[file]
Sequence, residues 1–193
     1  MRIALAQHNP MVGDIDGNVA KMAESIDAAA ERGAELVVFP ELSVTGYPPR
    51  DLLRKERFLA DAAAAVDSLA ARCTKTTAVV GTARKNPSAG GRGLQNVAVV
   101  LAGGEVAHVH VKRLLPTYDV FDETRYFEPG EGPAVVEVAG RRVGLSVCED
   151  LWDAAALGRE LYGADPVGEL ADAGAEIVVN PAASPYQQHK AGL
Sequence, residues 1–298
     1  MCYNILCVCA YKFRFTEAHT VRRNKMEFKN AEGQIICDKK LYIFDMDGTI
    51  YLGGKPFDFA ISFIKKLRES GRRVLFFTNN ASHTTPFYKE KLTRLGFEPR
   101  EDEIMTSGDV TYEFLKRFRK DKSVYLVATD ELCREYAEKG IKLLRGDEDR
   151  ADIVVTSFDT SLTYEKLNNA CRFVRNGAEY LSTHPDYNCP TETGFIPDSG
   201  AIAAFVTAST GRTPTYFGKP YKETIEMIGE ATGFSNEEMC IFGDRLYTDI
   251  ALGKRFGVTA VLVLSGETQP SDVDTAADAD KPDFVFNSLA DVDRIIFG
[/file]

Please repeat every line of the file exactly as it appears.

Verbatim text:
Sequence, residues 1–193
     1  MRIALAQHNP MVGDIDGNVA KMAESIDAAA ERGAELVVFP ELSVTGYPPR
    51  DLLRKERFLA DAAAAVDSLA ARCTKTTAVV GTARKNPSAG GRGLQNVAVV
   101  LAGGEVAHVH VKRLLPTYDV FDETRYFEPG EGPAVVEVAG RRVGLSVCED
   151  LWDAAALGRE LYGADPVGEL ADAGAEIVVN PAASPYQQHK AGL
Sequence, residues 1–298
     1  MCYNILCVCA YKFRFTEAHT VRRNKMEFKN AEGQIICDKK LYIFDMDGTI
    51  YLGGKPFDFA ISFIKKLRES GRRVLFFTNN ASHTTPFYKE KLTRLGFEPR
   101  EDEIMTSGDV TYEFLKRFRK DKSVYLVATD ELCREYAEKG IKLLRGDEDR
   151  ADIVVTSFDT SLTYEKLNNA CRFVRNGAEY LSTHPDYNCP TETGFIPDSG
   201  AIAAFVTAST GRTPTYFGKP YKETIEMIGE ATGFSNEEMC IFGDRLYTDI
   251  ALGKRFGVTA VLVLSGETQP SDVDTAADAD KPDFVFNSLA DVDRIIFG